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Mothers of the Revolution – They’ve Challenged World Leaders, Altered The Course Of History And Truly Inspired Millions



Mothers of the Revolution tells the story of one of the longest protests in history. Between 1981 and 2000, thousands of women from around the world came together at Greenham Common to take a rightful stand against nuclear proliferation. This remarkable group of fearless women were shunned by the press and the media. Director Briar March reveals the women as the cold war heroes they truly were, she tells the story of these women through their eyes and though reenactments as they persisted arrests, condemnation and scorn. 

In the early 1980s, a young mother in Wales was alarmed like many about the UK government’s Campaign called “Protect And Survive”, which advised people to use the four minutes between the warning and a nuclear strike to stack suitcases full of objects like books to absorb the radiation. The Pressure and rising threat to their own families’ safety called for action and thus the Women for Life on Earth group was born.

From the conversation around the kitchen table in Wales, Karmen Thomas took action. She was instrumental in organising the initial protest which on the 5th of September 1981 these women marched from Wales too Berkshire to protest over the nuclear weapons being kept at RAF Greenham Common. Over 120 miles they become a living protest against the British Governments decision. The protest surly gathered momentum as when the reached Greenham Common permanent camps were set up. 

Many women joined the camp such as Chris Drake, a single mother and millworker who truly felt like she belonged and felt like she was born again. Young mothers were not a group who traditionally had their voices heard at the time and the press moved on to other issues they deemed more important, So the women organised Embrace The Base. A day in which the camp and women across the country who travelled up joined hands to form a human chain around the entire military base. 

This documentary is a celebration of Greenham such as its spirit and the effects, which were all worth celebrating. However the film also shows the difficult aspects such as the brutal evictions and assaults by the police force and soldiers. It truly was a Cold War drama/thriller with the tension of a soviet spy novel. It’s also the story of love especially for family and children , and of the commitment these women made to a higher cause.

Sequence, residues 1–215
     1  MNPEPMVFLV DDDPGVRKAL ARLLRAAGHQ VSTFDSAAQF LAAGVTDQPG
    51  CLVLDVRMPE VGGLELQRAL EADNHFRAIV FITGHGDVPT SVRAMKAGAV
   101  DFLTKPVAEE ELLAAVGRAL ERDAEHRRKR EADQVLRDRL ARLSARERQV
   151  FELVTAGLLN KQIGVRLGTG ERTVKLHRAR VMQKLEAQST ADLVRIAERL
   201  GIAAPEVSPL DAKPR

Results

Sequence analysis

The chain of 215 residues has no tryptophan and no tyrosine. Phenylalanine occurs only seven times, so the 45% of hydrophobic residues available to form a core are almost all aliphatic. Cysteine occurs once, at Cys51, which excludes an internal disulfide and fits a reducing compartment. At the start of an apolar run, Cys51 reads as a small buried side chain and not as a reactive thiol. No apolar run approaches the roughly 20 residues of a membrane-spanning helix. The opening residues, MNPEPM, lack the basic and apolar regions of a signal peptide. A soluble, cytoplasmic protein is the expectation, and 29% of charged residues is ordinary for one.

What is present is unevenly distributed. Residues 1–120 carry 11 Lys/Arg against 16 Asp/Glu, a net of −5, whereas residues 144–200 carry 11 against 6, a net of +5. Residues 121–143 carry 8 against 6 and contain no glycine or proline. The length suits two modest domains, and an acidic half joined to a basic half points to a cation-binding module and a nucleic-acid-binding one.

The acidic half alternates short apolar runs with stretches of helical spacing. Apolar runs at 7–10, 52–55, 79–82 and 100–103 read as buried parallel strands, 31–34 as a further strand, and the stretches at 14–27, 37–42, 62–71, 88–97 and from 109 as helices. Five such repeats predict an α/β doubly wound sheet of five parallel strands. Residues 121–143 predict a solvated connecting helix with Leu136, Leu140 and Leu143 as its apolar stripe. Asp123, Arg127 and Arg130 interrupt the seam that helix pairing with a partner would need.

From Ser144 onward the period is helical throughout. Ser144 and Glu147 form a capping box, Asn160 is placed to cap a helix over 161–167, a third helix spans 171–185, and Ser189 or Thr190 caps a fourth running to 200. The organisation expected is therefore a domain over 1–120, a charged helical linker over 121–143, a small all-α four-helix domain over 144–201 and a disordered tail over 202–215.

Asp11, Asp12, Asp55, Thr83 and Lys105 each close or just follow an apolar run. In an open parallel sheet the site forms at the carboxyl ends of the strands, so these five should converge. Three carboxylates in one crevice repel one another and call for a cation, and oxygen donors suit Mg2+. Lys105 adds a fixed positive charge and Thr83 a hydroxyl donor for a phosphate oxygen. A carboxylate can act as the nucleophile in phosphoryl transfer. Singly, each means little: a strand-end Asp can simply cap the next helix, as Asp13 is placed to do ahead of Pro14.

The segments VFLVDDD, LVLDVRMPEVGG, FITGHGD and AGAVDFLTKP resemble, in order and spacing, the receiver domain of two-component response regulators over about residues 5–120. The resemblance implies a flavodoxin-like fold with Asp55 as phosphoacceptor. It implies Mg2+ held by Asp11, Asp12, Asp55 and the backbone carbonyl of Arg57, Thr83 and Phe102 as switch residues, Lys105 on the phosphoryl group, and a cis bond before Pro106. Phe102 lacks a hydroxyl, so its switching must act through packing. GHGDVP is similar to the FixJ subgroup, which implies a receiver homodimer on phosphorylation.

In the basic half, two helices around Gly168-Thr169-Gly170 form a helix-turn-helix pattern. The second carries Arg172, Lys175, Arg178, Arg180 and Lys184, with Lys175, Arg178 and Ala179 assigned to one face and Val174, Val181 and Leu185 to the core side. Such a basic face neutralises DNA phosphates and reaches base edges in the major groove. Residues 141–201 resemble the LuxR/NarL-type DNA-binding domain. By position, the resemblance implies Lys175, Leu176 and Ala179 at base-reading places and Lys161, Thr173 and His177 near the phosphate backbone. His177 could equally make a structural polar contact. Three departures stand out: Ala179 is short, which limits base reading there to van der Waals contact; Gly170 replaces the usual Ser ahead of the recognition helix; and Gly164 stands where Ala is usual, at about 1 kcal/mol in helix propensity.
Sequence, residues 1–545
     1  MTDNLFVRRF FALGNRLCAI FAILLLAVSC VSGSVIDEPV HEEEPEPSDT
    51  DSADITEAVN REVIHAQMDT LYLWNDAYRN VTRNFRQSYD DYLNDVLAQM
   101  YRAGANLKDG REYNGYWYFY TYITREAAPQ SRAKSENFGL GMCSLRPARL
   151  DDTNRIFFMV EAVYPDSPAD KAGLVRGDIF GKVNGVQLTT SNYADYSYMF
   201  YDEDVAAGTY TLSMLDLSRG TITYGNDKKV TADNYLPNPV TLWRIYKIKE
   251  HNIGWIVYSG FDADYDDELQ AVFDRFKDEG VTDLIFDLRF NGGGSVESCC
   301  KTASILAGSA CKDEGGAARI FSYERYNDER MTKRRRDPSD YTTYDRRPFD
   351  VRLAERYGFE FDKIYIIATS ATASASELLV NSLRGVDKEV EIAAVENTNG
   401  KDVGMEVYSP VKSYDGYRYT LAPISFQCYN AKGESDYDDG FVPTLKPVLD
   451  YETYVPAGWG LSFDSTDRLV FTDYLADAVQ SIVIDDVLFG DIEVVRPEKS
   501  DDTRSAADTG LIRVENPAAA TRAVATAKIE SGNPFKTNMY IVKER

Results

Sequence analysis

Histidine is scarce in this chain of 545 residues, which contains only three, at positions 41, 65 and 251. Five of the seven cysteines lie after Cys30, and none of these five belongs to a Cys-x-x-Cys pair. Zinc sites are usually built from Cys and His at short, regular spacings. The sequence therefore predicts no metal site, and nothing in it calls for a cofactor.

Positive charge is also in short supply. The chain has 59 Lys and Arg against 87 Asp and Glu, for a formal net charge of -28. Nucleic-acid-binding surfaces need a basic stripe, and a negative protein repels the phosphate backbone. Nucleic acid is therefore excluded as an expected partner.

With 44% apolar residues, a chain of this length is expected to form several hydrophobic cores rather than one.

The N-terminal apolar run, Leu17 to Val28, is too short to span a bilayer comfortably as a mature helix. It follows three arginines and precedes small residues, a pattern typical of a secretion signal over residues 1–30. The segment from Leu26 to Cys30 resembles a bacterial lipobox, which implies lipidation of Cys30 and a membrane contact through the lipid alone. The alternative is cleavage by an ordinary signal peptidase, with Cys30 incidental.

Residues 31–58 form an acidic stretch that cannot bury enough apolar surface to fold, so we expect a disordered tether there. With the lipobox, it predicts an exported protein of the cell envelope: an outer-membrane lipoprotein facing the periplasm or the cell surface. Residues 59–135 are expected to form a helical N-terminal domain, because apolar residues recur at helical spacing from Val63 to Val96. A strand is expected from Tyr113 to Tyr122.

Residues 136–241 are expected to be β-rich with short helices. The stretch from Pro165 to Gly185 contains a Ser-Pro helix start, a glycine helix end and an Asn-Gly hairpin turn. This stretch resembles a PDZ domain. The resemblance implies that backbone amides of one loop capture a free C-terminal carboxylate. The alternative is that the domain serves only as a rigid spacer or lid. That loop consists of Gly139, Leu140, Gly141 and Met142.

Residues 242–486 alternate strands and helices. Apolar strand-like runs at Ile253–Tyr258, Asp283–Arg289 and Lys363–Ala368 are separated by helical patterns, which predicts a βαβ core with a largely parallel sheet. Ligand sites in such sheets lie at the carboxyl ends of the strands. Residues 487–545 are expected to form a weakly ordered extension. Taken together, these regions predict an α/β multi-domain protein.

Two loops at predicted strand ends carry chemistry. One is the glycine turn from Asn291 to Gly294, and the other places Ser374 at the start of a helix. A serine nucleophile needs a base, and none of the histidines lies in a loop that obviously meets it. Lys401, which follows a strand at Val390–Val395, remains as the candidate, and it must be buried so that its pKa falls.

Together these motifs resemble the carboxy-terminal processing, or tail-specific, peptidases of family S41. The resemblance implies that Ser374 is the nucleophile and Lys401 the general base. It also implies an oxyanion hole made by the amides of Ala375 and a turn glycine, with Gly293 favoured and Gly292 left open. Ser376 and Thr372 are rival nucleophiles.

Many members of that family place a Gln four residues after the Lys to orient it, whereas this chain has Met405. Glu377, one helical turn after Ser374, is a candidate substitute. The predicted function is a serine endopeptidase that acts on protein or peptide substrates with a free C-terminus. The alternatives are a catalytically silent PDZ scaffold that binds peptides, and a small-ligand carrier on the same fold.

They’ve challenged world leaders, altered the course of history and truly inspired millions, it’s an emotional and empowering documentary. 

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Brother’s Keeper – A Strong Film About Incompetent Adults Failing These Vulnerable Kids



Yusuf (Samet Yıldız) and his best friend Memo (Nurullah Alaca) are pupils at a boarding school for Kurdish boys, secluded in the mountains of Eastern Anatolia. Both live in the same dorm as it’s a strict and a very repetitive environment, however when Memo falls mysteriously ill, Yusuf is forced to struggle through the bureaucratic obstacles put up by the school’s repressive authorities to try to help his friend. But by the time the adults in charge finally listen and understand the seriousness of Memo’s condition and desperately try to get him to a hospital, the school has been buried under a sudden heavy snowfall. despite the cold and with no way out, they’re desperate tp reach for help. Teachers and pupils engage in a blame game, where grudges, feelings of guilt and hidden secrets emerge. 

Brother’s keeper is truly a study about the power of social realism which is used as a persuasive tool but it’s also about the teacher’s incompetence, responsibility and guilt. It’s a character driven story that has investigative elements to it. 

The Pupils are reminded on how lucky they are to be there, yet it feels more like a relentless institution that’s run like a juvenile detention centre rather then a proper educational school. 

The film remains on the smaller scale and made to feel intimate. The sense of isolation creates this frosty atmosphere where the cold reflects the Icy tension between staff and pupils, the Institute is rather dull and callous but the film does have one running gag where staff members repeatedly slip on the icy floor as each teacher and headmaster enter the sickroom. 

Overall this is a really strong film about incompetent adults failing these vulnerable kids, which made the situation truly bleak. It has some great performances and foreshadows the ending which was so deep that it’ll linger.